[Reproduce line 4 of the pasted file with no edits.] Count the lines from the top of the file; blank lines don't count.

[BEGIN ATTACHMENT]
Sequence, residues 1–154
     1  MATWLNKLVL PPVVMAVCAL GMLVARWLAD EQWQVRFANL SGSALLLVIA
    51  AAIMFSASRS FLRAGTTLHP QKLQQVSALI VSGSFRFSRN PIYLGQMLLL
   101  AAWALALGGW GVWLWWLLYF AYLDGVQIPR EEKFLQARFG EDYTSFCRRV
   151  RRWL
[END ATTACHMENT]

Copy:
   101  AAWALALGGW GVWLWWLLYF AYLDGVQIPR EEKFLQARFG EDYTSFCRRV